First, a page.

It was over two decades ago when Geoff first picked up a metal detector, having first taken it up as a hobby after he got married. But it wasn’t until he retired last year that he was able to really get out into the field, and armed with a pair of wellies and a brand spanking new detector, he decided to venture to one of his old jaunts – a farm not far from his home.

“Over the last few nights I’d been thinking about going to the farm and something was telling me to go to the right hand side of it, just to walk the fields,” he explains, “so that’s what I did.” After traipsing around in the mud for a few hours, Geoff stumbled upon a patch of uneven terrace he couldn’t help but investigate.

Unearthing History

“I got to the lumpy, bumpy parts, had a couple of signals – nothing much.” But then Geoff had another signal, “a cracking signal” and realised it was time to dig around in the dirt to find out what it was. Figuring it would just be another case of random odds and sods, or a coke bottle lid (they find an abundance of litter!) he was surprised to hear a clunk.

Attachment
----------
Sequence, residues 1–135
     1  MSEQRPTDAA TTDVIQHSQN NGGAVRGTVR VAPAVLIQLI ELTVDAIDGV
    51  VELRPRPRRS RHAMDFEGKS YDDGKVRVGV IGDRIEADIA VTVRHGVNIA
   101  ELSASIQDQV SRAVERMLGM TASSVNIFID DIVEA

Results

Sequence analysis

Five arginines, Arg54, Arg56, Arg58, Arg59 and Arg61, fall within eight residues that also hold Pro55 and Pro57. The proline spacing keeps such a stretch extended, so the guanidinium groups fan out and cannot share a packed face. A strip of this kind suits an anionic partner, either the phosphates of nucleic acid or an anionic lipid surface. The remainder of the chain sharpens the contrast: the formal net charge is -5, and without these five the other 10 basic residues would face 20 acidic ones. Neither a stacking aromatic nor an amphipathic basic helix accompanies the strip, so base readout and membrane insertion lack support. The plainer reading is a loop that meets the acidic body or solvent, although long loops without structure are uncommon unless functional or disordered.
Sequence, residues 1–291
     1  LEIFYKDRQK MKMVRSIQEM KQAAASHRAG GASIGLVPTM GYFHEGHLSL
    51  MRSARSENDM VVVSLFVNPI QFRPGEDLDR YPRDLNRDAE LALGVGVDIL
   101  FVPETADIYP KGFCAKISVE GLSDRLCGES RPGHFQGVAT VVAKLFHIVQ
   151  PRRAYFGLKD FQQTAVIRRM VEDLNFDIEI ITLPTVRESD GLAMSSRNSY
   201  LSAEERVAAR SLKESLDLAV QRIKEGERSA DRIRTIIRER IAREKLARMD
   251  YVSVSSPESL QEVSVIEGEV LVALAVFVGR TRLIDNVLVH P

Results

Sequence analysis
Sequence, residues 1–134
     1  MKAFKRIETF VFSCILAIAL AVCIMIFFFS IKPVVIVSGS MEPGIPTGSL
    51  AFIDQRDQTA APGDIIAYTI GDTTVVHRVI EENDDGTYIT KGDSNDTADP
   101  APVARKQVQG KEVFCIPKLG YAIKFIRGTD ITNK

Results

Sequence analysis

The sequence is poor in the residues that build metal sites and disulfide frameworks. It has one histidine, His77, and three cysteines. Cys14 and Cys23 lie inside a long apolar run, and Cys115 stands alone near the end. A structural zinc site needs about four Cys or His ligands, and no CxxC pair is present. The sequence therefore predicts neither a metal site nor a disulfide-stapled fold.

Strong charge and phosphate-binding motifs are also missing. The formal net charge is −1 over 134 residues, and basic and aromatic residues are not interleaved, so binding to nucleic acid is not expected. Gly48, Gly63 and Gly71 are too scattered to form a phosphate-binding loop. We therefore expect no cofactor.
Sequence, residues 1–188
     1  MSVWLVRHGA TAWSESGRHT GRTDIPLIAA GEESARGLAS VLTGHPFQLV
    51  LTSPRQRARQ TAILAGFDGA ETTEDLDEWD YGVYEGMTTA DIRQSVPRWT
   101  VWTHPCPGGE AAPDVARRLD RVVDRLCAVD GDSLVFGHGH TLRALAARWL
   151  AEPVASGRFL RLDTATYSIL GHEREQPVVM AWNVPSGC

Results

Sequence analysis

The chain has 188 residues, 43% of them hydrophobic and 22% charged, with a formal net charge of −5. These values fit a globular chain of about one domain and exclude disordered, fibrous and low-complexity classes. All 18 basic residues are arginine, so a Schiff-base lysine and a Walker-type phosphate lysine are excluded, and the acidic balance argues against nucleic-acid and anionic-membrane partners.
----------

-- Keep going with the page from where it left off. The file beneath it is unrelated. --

“I hit this bloomin’ great big stone, so I dug around it, lifted up a clod of earth” and underneath yet another stone he noticed something interesting inside the muddy cave, something not made of rock. “What the heck’s that?” he thought, picking up the oddity with care. 

“I pulled it out and on the back end of the mould there’s, like, ribs.” This prompted Geoff to recall a discovery he made about 15 years ago, when he wasn’t so rehearsed in Bronze Age metalwork.

“Going back, must be about 15 years ago, I found an item - I didn’t know what it was. I wasn’t experienced enough then. So this item, I took it home and I put it in the garage, as most detectorists do!” He had a feeling it was important but wasn’t sure why.

After a few years of picking the item up off his work bench and trying to decipher its meaning, Geoff decided to take it up to the kitchen and do some research. “So I started buying books to research Roman, believe it or not, alright? So, I bought this book and I was looking through it. I got to the part for the Stone Age, read that. Then I got to the Bronze Age, and I turned a couple of pages and there was the item I’d found! Bronze Age Axe Head. My jaw just dropped, right? And the Bronze Age Axe Head had ribs on the outside.”

Devastatingly, Geoff has misplaced the axe head, which he is now, more than ever, desperate to locate – and even more upsetting still, it’s the same type of axe as the mould he discovered 15 years later would have been built to make. “It’s what they call a loop, I think it’s got two loops on this one, each side, where they used to put, if you can imagine, the Bronze Age axe head. It’s flat, but this part at the back, its round and they put it over the wood and then they loop it, they tie it onto the wood to secure it.”